One memory I have in particular was when I was only 19 years old and engaged to a returned missionary at BYU. He had repeatedly sexually assaulted me and even raped me, but I didn’t understand that it was rape. The only context Mormonism gave me up to that point was that it was my fault, and that I was now unworthy. So I confessed my sins to my Stake President, who was also my father. He told me to repent and encouraged that I move forward with the wedding.
A few years later, I was in the trenches with a tiny baby and an abusive husband. Sexual, emotional, mental, verbal, financial, and physical abuse were a part of my daily life. It was normal enough compared to my own childhood experiences that I had a hard time understanding that what was happening was abuse. I knew he was addicted to pornography, and I was convinced that if we could get him to stop looking at it, he would start being nicer to me. We spoke with our Bishop, and I was clearly in a lot of distress. I was really emotionally overwhelmed and clearly struggling. He focused mostly on helping my husband find resources to help him, and would simply speak to me as an afterthought. He just encouraged me to keep being supportive of him while he kept working through his issues.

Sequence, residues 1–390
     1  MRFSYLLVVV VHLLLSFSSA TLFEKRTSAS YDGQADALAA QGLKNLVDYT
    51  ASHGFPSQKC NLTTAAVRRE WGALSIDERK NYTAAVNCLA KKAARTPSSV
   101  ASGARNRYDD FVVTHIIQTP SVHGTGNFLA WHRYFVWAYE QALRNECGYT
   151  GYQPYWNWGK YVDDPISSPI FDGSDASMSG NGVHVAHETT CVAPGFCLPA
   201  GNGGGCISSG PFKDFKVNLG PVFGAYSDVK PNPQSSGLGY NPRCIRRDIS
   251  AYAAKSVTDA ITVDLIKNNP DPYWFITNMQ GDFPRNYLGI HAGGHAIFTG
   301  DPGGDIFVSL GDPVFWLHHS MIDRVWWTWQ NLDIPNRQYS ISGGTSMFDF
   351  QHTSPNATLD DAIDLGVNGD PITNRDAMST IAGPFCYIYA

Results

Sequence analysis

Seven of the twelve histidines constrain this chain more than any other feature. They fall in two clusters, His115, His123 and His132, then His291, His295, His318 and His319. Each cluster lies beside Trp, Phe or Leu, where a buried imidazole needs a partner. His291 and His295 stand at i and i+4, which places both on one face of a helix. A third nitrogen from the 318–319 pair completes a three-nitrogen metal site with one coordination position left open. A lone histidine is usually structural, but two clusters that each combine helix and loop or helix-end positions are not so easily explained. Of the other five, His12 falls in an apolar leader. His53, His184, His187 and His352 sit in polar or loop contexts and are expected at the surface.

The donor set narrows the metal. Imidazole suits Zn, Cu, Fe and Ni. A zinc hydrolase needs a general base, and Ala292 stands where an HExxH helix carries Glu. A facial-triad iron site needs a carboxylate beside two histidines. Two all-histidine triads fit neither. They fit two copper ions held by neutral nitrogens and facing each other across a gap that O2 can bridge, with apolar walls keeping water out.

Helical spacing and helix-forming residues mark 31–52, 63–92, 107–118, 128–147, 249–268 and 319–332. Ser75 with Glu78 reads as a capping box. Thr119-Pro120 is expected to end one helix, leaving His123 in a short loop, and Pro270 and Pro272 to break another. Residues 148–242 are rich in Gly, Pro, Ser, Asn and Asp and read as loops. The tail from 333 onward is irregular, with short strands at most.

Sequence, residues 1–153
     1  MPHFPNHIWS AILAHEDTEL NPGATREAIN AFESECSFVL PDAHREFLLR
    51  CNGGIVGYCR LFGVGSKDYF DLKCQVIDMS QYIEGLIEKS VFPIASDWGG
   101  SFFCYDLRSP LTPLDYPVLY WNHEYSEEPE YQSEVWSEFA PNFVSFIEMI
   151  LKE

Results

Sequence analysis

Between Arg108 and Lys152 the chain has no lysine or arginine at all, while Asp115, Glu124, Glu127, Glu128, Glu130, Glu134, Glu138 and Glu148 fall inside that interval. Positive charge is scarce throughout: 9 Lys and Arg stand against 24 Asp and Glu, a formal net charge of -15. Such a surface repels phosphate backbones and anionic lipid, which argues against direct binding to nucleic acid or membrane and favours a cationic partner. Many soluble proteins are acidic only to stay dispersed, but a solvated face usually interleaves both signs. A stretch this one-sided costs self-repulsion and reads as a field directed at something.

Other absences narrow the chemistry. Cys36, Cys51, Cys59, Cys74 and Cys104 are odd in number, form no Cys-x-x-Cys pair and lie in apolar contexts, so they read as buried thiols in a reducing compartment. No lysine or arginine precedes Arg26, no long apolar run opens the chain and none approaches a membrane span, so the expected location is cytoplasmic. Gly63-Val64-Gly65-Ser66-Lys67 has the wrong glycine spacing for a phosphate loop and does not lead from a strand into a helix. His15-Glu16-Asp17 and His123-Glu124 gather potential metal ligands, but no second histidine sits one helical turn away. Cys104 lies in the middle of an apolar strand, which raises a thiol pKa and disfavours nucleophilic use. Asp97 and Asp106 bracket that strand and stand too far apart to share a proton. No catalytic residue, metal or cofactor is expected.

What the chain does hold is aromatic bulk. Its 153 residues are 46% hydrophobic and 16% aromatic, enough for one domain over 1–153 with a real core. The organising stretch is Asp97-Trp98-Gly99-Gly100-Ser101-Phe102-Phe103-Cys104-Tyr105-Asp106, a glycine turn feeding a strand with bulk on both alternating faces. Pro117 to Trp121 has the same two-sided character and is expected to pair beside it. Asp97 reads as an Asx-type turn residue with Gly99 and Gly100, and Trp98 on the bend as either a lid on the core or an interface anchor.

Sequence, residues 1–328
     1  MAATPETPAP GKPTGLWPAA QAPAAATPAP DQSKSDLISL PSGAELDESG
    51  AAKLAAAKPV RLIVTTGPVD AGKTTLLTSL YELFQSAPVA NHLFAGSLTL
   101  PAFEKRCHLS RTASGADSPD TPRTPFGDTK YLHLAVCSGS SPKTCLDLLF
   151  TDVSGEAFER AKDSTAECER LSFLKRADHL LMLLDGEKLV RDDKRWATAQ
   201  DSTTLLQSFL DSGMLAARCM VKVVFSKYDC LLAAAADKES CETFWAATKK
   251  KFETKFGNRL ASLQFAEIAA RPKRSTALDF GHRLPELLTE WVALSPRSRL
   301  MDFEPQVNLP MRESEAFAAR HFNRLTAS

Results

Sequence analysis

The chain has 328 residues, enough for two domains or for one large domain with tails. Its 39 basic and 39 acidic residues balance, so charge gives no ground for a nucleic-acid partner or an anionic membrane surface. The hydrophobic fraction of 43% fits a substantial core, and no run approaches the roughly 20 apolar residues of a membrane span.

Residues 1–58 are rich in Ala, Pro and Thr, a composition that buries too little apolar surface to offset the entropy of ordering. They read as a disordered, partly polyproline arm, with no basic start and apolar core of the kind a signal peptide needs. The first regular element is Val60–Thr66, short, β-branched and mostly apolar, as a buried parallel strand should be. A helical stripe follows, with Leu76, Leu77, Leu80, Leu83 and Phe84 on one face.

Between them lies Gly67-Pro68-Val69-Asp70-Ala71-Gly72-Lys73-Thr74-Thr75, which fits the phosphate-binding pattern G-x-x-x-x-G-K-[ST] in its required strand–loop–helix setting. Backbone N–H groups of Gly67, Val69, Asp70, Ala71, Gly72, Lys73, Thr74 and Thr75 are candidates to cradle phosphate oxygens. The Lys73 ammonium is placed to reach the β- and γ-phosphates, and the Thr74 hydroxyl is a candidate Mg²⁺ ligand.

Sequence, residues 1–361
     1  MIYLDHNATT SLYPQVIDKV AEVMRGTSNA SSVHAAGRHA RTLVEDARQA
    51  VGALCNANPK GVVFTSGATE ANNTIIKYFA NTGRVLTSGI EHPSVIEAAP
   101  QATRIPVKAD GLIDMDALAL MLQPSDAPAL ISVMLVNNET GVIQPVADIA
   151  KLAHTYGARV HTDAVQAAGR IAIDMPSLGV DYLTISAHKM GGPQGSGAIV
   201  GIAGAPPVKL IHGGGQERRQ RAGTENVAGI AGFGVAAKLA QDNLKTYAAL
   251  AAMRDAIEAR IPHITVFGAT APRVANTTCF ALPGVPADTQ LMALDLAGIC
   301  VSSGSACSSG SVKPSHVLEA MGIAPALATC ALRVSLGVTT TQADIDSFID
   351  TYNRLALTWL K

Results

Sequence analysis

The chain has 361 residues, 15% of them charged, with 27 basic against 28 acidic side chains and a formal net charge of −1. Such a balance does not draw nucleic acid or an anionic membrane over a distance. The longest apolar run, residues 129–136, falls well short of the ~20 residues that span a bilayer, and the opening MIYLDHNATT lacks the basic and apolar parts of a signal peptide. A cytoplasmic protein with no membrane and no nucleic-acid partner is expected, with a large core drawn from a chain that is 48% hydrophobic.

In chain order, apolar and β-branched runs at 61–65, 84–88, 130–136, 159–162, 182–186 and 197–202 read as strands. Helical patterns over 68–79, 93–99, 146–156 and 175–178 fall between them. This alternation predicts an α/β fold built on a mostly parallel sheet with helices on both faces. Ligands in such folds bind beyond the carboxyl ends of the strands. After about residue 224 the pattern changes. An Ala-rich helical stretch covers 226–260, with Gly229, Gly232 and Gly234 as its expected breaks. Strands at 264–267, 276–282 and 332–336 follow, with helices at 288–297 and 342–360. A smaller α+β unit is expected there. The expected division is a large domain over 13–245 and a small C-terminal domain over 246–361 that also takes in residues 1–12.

I stuck around and tried to make it work for far too long. We had a second child, and my emotional health and self confidence continued to deteriorate. It wasn’t until I sought proper help from a therapist that I realized what was happening was abuse, and that I needed to get out. I’ll be forever grateful for that therapist. I still carry a great deal of pain from the responses that I had from my poorly trained (and even malicious) ecclesiastical leaders. They should never have been given that power in the first place.